Brutal Truths and Worst Practices (America’s injustice System)

One out of 28 American children has a parent in jail or prison – 60 percent of inmates are people of color (only 30% of America’s population are people of color). There are twelve time more drug offenders in state prisons than there were in 1980.

25% of American youth are charged in adult courts & many ten or twelve years old children are tried as adults. About ten thousand juveniles are housed in adult prisons and jails every day. 2/3 of those youth suffer from mental health issues and half that number have multiple and serious diagnosis.

Seven of ten of these youth have seen someone killed or severely injured and three of ten have attempted suicide. My first visit to a CASA guardian ad-Litem four year old was at the suicide ward of Fairview hospital in Minneapolis. The thoughts of killing yourself start young in at risk youth. Jeff Weise had been talking and writing about it before he killed his grandfather and fourteen others before killing himself.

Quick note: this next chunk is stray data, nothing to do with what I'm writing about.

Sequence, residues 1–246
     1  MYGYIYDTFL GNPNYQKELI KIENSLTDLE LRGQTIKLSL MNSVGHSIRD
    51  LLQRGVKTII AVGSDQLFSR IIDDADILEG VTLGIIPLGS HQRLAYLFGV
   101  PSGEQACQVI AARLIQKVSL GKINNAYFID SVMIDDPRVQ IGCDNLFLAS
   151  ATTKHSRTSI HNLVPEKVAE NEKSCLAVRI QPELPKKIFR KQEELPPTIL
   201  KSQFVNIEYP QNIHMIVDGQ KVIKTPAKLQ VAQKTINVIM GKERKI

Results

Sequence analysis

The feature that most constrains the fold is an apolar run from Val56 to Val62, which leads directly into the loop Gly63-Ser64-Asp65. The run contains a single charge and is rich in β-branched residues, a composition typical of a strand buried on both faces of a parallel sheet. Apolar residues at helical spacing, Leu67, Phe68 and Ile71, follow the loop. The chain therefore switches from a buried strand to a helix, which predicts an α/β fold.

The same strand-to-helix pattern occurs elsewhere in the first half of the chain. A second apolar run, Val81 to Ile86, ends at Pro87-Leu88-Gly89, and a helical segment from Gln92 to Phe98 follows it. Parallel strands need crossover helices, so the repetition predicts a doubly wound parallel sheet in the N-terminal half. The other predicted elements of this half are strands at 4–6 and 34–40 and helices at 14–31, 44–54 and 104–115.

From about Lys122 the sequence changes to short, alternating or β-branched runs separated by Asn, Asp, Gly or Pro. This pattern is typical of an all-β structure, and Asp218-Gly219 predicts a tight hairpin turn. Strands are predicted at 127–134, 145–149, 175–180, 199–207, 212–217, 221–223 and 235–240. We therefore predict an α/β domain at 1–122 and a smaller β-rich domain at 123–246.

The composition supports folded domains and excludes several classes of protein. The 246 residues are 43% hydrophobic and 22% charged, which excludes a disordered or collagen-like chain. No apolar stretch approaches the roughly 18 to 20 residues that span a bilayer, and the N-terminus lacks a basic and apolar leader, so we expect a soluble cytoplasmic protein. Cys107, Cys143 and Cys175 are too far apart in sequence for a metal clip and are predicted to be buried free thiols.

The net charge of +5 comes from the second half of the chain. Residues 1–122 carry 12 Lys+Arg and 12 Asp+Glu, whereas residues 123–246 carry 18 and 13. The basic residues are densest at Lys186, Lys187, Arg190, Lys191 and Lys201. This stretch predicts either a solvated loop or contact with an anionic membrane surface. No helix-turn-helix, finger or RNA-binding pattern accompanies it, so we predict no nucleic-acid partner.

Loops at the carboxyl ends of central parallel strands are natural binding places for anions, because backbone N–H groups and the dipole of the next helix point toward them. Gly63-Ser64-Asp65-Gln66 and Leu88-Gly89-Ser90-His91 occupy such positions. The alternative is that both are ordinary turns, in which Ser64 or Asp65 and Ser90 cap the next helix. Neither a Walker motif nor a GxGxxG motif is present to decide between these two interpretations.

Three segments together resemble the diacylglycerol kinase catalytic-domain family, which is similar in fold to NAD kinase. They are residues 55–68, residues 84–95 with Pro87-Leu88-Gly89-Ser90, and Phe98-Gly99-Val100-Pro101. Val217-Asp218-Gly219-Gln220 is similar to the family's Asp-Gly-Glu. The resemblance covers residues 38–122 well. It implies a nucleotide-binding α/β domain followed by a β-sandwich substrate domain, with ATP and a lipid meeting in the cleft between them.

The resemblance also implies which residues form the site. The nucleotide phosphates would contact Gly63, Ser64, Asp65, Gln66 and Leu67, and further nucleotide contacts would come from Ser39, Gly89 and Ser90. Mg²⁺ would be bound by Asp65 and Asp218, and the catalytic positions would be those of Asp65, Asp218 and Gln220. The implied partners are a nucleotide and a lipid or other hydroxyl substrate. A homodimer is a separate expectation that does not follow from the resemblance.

And we wonder where the violence on our streets and in our schools comes from.

Black men born in 2001 have a 33% chance of incarceration and black youth are five times more likely to be arrested than white youth.

2/3 of America’s prisoners recycle within 3 years of being released Our recidivism rates are soon to exceed 70%.

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KARA Brooklyn Park Think Again Presentation, Pizza and Social – June 17, 6pm

Early Childhood Education Boosts
Academic Achievement and Career Success

Tuesday, June 17 6 p.m. Pizza and Social 6:30 p.m. Program

Brooklyn Park Council Chambers, 5200 85th Avenue N

Please RSVP and Share on Facebook
or to

Carol Woehrer, carolwoehrer@usfamily.net

A question and answer session will follow the presentations.

Sponsored by the Maple Grove, Osseo, Brooklyn Park, and Brooklyn Center Chapter of the League of Women Voters; Kids at Risk Action , KARA; Think Again MN ; and the BrooklynPark Diversity Team.

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Child Welfare In The News (find your state here – some international)

FL: Daniel Kids offering foster care training classes: More than 8,000 children are currently in Florida foster care (Includes video)
News 4 Jax – June 01, 2014
Here in Florida there are over 8,000 children currently in foster care. There are many ways for the community to get involved and help these kids who are in transition from foster or adoptive parents to volunteers and mentors. There’s one group of children who need a special type of foster care.